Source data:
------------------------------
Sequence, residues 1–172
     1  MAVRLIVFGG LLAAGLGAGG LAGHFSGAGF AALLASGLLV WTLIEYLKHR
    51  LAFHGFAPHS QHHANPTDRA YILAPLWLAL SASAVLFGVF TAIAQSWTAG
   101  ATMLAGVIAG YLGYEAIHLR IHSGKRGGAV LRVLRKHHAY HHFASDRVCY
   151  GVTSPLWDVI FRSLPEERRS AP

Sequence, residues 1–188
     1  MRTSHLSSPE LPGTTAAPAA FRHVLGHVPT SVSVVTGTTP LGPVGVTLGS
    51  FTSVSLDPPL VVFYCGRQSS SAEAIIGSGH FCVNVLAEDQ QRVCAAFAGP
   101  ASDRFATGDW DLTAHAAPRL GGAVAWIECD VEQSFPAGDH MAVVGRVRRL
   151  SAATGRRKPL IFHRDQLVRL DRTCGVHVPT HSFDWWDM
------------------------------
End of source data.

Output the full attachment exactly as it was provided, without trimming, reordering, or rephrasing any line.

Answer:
Sequence, residues 1–172
     1  MAVRLIVFGG LLAAGLGAGG LAGHFSGAGF AALLASGLLV WTLIEYLKHR
    51  LAFHGFAPHS QHHANPTDRA YILAPLWLAL SASAVLFGVF TAIAQSWTAG
   101  ATMLAGVIAG YLGYEAIHLR IHSGKRGGAV LRVLRKHHAY HHFASDRVCY
   151  GVTSPLWDVI FRSLPEERRS AP

Sequence, residues 1–188
     1  MRTSHLSSPE LPGTTAAPAA FRHVLGHVPT SVSVVTGTTP LGPVGVTLGS
    51  FTSVSLDPPL VVFYCGRQSS SAEAIIGSGH FCVNVLAEDQ QRVCAAFAGP
   101  ASDRFATGDW DLTAHAAPRL GGAVAWIECD VEQSFPAGDH MAVVGRVRRL
   151  SAATGRRKPL IFHRDQLVRL DRTCGVHVPT HSFDWWDM